Review: Mighty Morphin Power Rangers #7

The Rangers are powerless - literally unable to access the morphin grid -  as well as kicked out of the command center, which is now under Rita’s control with the help of the mysterious Black Dragon. A near broken Billy wakes up in the same prison Tommy and Jason have seen themselves before. Trini is attempting to figure out while everyone’s powers are gone, except for Tommy’s. mmpr7I’m not even gonna bury the lead here. Motherfucking Zord space fight. In all its might. The Rangers have gone to the moon base before (kidnapped), but I don’t believe we’ve seen a full on Zord fight in the moon. Especially against such a great opponent as Black Dragon, a creature with more Power than any of her generals, and a terrifying look that is a mix of a Pacific Rim Kaiju and an evil commander pulled from any of the later series in Power Ranger’s history.Hendry Prasetya is outdoing himself here every time he shows a Zord being used to its full range of abilities. The finger missiles on the Dragonzord was very underutilized during the series, and Prasetya explores it to its full potential of awesomeness. Can you imagine what he would do with the Astro Megaship…? OK, I’m drooling now.

Kyle Higgins’ arc is maintained strong because of the strength of his antagonists. He’s presented a new, stronger opponent they’ve never faced before in the Black Dragon, and upped the ante with Rita Repulsa. Having her sit right where Zordon’s containment tank was is just one big fuck you to the Rangers and all the times they’ve foiled her plans. She was always the most effective out of the Villains of the Mighty Morphin era, that’s right, even more so than Lord Zedd, I said it. Bring it. She dealt the most damage to the Rangers, and Higgins shows the fruits of her labor and the reach of her ambitions in this issue. There is some talk of the Morphin grid to satisfy huge nerds like me, and it comes organically, and quickly moves on to giant robots fighting giant monsters… IN SPACE to deliver more of what was promised from issue #0.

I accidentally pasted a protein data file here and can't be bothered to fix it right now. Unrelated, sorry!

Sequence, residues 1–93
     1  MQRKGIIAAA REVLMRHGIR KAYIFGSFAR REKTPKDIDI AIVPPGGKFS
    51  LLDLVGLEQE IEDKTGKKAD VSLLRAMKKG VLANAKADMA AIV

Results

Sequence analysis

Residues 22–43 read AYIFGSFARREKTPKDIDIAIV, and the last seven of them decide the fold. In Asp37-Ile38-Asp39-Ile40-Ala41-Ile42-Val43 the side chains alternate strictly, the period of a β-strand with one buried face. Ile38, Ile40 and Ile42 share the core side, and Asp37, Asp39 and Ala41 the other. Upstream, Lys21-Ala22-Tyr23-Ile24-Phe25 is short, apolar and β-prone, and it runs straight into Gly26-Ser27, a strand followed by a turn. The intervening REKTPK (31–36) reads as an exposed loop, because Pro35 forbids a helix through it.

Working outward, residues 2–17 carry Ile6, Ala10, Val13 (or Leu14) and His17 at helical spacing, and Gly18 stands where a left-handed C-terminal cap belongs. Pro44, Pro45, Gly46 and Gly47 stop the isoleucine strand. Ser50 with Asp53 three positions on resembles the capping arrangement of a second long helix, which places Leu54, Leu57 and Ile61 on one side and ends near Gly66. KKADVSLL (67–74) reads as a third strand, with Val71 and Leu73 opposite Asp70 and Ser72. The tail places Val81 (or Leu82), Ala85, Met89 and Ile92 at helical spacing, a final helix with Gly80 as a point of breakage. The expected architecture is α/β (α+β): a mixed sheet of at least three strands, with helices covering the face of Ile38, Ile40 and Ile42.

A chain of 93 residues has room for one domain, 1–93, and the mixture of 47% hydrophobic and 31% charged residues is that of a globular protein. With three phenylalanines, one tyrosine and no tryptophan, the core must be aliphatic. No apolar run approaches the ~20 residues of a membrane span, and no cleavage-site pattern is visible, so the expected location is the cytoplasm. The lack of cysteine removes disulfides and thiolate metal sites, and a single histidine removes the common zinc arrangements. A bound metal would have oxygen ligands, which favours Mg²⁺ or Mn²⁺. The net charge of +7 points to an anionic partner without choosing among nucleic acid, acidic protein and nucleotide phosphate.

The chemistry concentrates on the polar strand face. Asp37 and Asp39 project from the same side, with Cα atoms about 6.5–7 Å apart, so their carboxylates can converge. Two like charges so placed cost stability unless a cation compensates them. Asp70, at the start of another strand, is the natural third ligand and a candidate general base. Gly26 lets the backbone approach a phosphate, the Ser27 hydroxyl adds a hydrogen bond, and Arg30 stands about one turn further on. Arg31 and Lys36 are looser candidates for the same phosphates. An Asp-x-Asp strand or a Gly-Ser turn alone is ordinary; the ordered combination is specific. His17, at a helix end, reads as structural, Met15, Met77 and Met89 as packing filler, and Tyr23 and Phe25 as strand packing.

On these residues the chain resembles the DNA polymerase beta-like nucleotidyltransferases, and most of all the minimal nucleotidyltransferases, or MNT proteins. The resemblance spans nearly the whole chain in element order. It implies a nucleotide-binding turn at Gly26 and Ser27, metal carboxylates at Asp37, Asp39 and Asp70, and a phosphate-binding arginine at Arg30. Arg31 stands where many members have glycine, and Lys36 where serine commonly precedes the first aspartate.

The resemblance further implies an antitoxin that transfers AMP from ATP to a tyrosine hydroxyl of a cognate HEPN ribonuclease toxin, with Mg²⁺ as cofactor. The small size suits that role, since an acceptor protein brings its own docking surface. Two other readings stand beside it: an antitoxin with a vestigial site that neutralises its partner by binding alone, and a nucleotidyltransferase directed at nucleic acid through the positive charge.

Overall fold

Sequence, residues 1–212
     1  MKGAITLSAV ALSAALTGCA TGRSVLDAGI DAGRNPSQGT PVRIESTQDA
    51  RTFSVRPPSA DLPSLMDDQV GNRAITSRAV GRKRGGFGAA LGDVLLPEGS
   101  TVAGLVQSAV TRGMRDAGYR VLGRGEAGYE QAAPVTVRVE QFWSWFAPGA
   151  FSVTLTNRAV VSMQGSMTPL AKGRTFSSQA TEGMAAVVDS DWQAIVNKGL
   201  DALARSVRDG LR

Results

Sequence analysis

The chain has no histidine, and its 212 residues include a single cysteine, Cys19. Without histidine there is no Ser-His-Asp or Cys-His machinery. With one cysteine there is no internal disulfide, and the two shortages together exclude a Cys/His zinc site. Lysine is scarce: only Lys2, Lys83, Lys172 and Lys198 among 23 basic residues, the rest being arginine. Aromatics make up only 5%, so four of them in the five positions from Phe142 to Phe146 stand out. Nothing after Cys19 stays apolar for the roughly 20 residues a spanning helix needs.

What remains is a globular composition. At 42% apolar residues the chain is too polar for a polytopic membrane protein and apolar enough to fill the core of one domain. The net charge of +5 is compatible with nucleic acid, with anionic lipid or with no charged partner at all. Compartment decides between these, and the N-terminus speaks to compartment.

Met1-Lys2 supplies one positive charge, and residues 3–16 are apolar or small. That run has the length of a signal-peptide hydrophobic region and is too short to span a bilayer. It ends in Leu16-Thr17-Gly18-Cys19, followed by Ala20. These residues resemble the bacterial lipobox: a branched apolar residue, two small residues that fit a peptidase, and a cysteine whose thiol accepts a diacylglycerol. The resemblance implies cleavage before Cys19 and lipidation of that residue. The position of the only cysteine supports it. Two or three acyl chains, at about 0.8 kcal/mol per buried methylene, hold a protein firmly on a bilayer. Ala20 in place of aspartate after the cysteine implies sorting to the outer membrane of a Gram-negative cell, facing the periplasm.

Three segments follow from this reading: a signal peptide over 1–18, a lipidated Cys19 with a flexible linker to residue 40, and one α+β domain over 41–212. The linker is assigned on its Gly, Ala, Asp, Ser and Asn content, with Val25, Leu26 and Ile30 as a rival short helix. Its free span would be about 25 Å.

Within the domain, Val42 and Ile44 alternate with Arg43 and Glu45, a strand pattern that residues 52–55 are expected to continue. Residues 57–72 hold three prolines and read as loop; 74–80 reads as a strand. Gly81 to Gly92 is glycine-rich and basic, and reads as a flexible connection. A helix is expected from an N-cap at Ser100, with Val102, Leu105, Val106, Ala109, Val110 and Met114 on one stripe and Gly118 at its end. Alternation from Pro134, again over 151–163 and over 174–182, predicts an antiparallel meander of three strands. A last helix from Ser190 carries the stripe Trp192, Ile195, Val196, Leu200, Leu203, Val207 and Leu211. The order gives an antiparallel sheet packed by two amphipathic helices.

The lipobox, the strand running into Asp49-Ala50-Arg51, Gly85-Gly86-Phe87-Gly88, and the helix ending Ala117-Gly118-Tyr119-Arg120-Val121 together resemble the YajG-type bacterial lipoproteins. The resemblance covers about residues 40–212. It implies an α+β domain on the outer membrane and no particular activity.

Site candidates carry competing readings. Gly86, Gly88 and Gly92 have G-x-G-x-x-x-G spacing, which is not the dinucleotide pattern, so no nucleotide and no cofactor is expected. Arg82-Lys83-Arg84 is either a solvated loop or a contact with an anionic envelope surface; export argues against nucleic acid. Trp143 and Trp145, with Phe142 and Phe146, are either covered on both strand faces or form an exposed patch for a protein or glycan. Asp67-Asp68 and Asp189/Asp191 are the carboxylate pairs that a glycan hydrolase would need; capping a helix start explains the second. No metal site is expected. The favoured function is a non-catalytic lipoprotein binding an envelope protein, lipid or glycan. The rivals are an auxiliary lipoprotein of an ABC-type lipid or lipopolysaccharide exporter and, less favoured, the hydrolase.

Mighty Morphin Power Rangers #7 rewards the returning reader for following the journey through 7 months, and it welcomes new readers, both by giving a new story fallout that stems off the old one opening a new arc.

[su_box title="Score: 5/5" style="glass" box_color="#8955ab" radius="6"]

Mighty Morphin Power Rangers #7 Writer: Kyle Higgins Artist: Hendry Prasetya Colorist: Matt Herms Publisher: BOOM! Studios Price: $3.99 Format: Ongoing; Print/Digital


Review: Hadrian's Wall #1

Somewhere deep in outer space, an astronaut opens his eyes. Only to see a crack in his visor. Then another. And another. And another until an entire spider-web forms across the only thing separating him from the vacuum of space.Hadrian’s Wall is a story about why this man died.